Inclusive language paraphrases of the Psalms
by Ian Sowton, Holy Trinity Community, 2005.
This is not a new translation of the Psalms. It is a contemporary rendition, a paraphrase, which has two guiding purposes: to provide a text that is first, inclusive throughout and second, useful for both public congregational worship and also for private devotions.
The original impulse behind this enterprise was to provide an inclusive language text. The chief device I use to achieve this purpose is to employ a variety of names for God set in linguistic formulations that avoid the ubiquitous male pronouns, and so giving the effect, at least in English, of being gender-free. One of these names, El Shaddai, had some female connotations in the ancient Hebrew, and on two or three occasions I have linked it to feminine pronouns as a reminder that there have long since been feminine names for a deity thought of as including “female” characteristics. Another device serving the interests of inclusiveness is to switch from the third to the second person pronoun, thus moving from the impersonal, third person mode to the personal mode of direct address.
Since it definitely changes the rhetorical situation in the passage concerned, this device (which I first thought was original with me but very soon discovered was not) is used sparingly here, only as a last resort in the face of really extensive flights of incorrigibly male God-talk.
The Holy Trinity Psalter follows The Revised Common Lectionary*, which includes the complete list of lections for liturgical years A, B, and C, and was published by the Consultation on Common Texts (Nashville: Abingdon Press, 1992).
This means that it is not a complete psalter, since the Revised Common Lectionary (RCL) omits some psalms altogether and, in the case of many others, calls only for part(s) of a given psalm to be used on a given Sunday. And some psalms, in whole or in part, are used several times over the course of the whole three-year liturgical cycle.
On a dozen occasions the RCL calls for passages from other parts of Scripture to function as psalms. It lists most of these passages as alternatives to regular psalms. I have recast eight of these passages into the standard four-line format of this psalter. All twelve of them are collected toward the end of the psalter, on pp.163-175. That “standard four-line format” derives from a set of chants commonly used in our Church of the Holy Trinity, Toronto; but these psalm-texts can easily be pointed and sung, chanted, or spoken in various different ways.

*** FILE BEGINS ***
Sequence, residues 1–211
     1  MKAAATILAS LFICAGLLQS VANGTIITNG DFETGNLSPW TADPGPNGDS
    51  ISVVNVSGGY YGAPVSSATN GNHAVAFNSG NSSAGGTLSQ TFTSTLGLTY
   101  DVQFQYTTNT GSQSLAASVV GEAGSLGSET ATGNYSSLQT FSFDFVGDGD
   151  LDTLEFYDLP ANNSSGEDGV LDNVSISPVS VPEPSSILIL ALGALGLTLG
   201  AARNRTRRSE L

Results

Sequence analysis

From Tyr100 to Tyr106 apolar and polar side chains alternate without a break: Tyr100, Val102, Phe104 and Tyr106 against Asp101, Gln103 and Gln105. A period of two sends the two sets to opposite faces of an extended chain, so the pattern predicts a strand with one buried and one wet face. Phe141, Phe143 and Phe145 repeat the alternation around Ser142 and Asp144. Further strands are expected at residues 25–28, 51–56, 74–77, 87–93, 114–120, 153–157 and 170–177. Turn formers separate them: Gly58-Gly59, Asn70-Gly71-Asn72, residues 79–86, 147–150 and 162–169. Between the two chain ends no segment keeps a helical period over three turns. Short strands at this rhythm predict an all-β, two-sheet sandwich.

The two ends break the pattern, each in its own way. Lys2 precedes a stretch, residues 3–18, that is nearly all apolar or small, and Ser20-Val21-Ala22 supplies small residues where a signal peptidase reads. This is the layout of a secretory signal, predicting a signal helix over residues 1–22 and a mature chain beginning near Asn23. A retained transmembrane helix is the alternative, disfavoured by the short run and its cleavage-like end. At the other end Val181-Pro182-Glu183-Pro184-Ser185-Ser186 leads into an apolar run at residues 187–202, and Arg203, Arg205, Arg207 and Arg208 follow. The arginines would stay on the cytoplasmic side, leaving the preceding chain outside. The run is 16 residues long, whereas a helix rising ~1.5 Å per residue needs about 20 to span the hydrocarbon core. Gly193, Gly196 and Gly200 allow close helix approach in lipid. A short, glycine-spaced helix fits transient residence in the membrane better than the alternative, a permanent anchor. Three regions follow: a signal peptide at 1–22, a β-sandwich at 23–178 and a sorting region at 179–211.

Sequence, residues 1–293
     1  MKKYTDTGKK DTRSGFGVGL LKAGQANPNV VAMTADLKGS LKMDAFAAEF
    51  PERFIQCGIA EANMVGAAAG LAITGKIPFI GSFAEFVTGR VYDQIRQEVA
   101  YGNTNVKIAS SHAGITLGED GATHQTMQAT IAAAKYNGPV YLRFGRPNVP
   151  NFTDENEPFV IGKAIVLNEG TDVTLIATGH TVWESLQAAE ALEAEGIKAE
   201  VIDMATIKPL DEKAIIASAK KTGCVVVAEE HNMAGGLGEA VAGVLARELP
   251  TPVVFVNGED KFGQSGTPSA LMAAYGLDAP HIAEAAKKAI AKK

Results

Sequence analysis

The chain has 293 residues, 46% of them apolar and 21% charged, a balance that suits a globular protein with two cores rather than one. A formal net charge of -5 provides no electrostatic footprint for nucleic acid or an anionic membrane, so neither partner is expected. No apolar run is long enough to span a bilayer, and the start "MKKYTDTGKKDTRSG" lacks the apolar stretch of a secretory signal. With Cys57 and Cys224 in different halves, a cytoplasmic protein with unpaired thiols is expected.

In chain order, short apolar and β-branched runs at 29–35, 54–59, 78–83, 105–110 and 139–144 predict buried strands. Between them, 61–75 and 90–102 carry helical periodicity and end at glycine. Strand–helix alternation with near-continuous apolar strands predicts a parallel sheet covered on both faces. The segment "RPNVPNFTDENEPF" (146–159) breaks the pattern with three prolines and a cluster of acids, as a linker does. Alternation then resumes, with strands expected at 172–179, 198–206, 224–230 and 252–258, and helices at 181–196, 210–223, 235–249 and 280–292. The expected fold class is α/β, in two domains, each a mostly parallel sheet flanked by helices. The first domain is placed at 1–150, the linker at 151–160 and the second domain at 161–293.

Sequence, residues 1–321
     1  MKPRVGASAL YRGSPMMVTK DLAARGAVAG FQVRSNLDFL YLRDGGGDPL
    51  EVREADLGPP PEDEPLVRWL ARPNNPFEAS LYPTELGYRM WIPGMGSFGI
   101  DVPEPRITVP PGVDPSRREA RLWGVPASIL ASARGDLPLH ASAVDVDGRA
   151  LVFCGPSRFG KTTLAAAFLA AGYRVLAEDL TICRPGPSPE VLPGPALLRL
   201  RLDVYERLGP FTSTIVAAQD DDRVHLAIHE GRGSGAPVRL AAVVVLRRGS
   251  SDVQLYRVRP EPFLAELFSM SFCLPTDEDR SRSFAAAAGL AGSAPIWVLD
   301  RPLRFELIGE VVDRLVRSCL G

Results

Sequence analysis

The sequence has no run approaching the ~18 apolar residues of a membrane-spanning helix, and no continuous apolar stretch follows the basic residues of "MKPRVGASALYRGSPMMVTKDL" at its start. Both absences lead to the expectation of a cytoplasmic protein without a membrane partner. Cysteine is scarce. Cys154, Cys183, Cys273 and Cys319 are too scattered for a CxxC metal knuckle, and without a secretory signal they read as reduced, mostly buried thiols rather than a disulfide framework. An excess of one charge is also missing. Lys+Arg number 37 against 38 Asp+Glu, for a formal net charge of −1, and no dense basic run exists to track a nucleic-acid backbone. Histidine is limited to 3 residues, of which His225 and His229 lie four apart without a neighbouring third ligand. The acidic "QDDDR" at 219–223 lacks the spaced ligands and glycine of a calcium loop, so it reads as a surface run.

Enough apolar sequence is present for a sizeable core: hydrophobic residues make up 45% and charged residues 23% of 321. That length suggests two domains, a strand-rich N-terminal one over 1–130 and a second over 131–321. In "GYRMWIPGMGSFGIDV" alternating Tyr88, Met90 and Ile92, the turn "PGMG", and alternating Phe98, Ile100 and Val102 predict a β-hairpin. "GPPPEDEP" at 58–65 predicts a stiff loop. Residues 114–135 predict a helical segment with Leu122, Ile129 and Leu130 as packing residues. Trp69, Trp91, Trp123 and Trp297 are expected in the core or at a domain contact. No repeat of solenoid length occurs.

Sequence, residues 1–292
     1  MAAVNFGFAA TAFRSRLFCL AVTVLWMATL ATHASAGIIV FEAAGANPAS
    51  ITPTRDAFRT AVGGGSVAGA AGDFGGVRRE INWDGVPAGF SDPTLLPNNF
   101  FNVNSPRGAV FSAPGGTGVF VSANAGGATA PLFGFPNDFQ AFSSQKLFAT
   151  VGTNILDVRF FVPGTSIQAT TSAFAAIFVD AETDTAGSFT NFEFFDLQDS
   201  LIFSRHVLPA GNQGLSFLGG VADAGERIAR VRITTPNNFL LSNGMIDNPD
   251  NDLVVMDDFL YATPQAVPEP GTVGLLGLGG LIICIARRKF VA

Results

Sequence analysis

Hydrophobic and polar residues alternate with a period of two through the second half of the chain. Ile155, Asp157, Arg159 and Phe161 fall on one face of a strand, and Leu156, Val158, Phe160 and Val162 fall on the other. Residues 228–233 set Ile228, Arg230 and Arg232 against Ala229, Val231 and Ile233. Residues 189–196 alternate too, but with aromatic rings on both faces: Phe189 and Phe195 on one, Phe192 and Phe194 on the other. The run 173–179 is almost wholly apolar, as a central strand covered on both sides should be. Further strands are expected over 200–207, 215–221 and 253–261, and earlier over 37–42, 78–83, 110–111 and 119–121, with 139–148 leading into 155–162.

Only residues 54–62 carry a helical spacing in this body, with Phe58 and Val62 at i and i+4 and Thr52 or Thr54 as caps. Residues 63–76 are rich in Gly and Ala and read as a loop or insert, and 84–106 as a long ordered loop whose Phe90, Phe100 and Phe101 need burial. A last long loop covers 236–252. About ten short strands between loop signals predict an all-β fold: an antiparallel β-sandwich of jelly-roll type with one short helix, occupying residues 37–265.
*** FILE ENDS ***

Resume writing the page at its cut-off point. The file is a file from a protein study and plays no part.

The RCL quite often, and necessarily, includes fairly detailed rubrics. It is well outside the scope of The Holy Trinity Psalter to reproduce all these rubrics, though there are occasional references to them in its concluding section, “Psalms Listed According to the Liturgical Year
The editions of the Bible I have used as bases for this rendition of the Psalms are The New Revised Standard Version, The New English Bible (with the Apocrypha), and the Standard Edition of The Jerusalem Bible. The commentaries I have consulted regularly and with great profit are Volumes 19 and 21 of Word Biblical Commentary (Waco, Texas: Word Books, 1983) and Volume 20 (Dallas, Texas: Word Books, 1990). The tone of the original psalms ranged from solemnly cultic to urgently personal. I have tried to convey this range of tone without becoming either too staid on the one hand, or too distractingly colloquial on the other.
‘Metaphrase’ as a verb means to ‘put into other words’; as a noun it generally means ‘a literal translation’. There is, however, an established literary convention in regard especially to renditions of the Psalms, that uses the noun ‘metaphrase’ to mean a poetic version that is neither a literal translation nor a really close paraphrase. One could say that metaphrases of the Psalms are a species of poetic paraphrase that tries both to remain scrupulously faithful to the movement of thought and imagery of its original, and also to result in a new, contemporary devotional poem. We owe by far the most celebrated example of metaphrases of the Psalms in English to the brother and sister team of Sir Philip Sidney and Mary Herbert, Countess of Pembroke, in the 1580-90’s—an enterprise begun by Philip and finished by Mary, after his death, in poetry that is at least as good as his. Those ‘Sidnein Psalms’ were a remarkable flowering of Reformation piety and remain a monumental contribution to English devotional poetry. (I.S.)